By Tommie Gardner
It was a hot and muggy day outside the mouse suit, and much hotter inside the grinning, grey rodent costume. The Velcro securing the head to the body wasn’t attached securely, which ensured the unexpected uppercut from the 13-year-old kid in my weekly camp group would pop the head off, causing the really young kids to scream out in horror at the realization of a 20-something inside a large mouse.
Just another moment in the life of a summer camp counselor in the late 1990s. An anthropomorphic mouse’s head falling off; a few scrapes and bruises on the kids from playing in the woods; some sunburn from forgetting to put on enough sunscreen; the smell of rancid pudding in their hair — dessert turned plaything, hijacked from the lunch ladies and spread all over a Slip ’n Slide.
Nowadays, I imagine, a kid comes home from camp with a scrape on his knee and the parents are immediately on the phone with their lawyer. But there are former campers now in their 20s and 30s, and camp counselors not much older than them, who remember the last wild era of summer camp, the 1990s.
There is a generation of 20-somethings who attended this particular Vermont camp year after year as kids, and they remember the gruesome story of a 1960s-era camp worker named Crazy Pete, a misfit who got his arm caught in some heavy machinery and torn off, who fled into the woods, and who liked nothing better than to steal a sleeping child. Particularly a troublemaker.
There is a generation of adults who know that if you link hands and have the first person touch an electric fence, the last person in the chain receives the jolt. They know what it’s like to walk blindfolded deep into the woods and be told to find the way out by themselves. There are city folks who know how to walk up a river by jumping from rock to rock, thanks to their time in camp. They also know what happens if they all fill the pockets of their swimming trunks with hand soap and go one by one down the pool’s water slide.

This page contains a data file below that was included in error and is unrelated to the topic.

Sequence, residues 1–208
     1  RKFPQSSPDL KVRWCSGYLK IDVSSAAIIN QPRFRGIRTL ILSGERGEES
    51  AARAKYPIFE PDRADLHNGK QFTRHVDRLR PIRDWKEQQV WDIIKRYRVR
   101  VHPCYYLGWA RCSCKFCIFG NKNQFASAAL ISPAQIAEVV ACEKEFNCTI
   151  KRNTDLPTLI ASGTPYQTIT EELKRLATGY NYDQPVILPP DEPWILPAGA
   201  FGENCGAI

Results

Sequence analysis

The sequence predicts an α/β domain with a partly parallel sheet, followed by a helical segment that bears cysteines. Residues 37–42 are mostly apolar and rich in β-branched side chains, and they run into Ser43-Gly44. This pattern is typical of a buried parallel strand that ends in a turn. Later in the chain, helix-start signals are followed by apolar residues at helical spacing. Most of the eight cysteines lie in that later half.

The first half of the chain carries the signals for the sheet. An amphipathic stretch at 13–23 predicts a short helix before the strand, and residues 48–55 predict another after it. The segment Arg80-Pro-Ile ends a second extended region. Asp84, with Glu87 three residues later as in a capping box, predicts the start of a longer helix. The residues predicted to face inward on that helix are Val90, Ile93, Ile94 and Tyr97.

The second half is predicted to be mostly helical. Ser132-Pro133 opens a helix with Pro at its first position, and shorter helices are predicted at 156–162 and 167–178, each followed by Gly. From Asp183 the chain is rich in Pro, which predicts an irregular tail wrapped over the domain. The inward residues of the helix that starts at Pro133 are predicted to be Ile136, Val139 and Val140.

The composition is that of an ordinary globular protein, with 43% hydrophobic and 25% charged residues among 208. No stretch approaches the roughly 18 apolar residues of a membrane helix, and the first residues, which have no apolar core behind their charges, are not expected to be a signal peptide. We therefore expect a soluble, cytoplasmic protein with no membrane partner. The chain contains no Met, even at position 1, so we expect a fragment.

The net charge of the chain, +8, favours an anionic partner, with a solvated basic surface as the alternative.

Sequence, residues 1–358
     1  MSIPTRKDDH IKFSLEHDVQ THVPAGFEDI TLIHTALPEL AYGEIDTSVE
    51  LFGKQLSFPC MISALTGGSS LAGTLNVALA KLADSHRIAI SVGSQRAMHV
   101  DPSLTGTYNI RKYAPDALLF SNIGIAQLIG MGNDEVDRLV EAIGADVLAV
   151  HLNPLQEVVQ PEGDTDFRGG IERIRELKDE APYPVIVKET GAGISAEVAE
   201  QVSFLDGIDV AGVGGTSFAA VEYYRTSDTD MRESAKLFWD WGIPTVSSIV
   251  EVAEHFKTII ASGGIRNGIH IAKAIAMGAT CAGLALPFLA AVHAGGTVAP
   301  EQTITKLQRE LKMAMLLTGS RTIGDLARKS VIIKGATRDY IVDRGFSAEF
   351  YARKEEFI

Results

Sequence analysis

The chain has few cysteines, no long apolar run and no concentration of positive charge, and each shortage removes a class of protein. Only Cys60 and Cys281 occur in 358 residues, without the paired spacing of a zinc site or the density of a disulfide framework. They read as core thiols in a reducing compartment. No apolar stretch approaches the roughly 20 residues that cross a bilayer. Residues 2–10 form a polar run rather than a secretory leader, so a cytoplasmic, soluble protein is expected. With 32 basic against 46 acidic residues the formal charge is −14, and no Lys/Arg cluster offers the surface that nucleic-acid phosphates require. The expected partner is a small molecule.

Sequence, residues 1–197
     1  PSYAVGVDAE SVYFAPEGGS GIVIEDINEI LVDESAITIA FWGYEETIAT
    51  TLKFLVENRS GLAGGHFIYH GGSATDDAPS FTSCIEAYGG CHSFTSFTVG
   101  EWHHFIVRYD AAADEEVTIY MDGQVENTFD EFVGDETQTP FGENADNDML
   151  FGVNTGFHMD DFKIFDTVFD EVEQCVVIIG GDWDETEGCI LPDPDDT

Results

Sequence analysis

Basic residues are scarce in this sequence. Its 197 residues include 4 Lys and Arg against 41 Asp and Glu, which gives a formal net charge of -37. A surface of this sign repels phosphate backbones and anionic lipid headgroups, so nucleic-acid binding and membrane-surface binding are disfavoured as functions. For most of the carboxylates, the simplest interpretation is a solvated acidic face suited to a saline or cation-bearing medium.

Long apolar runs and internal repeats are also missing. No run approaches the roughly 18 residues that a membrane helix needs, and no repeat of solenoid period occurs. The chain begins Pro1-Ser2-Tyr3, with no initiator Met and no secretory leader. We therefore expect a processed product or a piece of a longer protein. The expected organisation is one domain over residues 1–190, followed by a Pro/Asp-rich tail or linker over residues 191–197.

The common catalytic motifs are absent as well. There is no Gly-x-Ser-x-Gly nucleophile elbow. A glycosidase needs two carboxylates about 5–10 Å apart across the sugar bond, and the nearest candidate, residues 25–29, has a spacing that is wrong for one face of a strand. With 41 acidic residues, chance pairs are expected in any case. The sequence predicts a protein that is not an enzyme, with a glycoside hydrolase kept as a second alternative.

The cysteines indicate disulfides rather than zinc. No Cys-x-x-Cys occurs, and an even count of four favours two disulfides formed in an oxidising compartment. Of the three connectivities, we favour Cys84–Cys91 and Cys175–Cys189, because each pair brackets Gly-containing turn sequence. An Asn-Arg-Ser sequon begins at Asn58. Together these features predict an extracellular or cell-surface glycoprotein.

And there is a generation of still older adults, former camp counselors now in their 30s and 40s, who remember telling the story of Crazy Pete at the summer camp sleepovers, a tale that got scarier and more elaborate with each telling. It got to the point that, one night, some campers had to be taken off the mountain because they were too scared to sleep.
A lot of things we counselors did with the pre-teens and teens probably aren’t allowed anymore, even though we had impeccable records of getting every kid home safe, dirty, smiling, and tired enough that mom and dad could have some time to be husband and wife. In that way, camp in the late ’90s might be more akin to camp in the 1950s than it is to the social media era.
Those of us in charge of making sure the kids had a good time were having just as much fun ourselves. We were teaching kids from the city and suburbs how to have fun doing the things we used to do growing up in Vermont, and the overwhelming majority of them had a blast getting a little dirty and banged up.
Now, from what I hear, the legend of Crazy Pete is no longer allowed to be told. That’s a shame, because you know he’s still out there. Watching. Just waiting. For the right time to…
This article was originally published in the Stowe Reporter.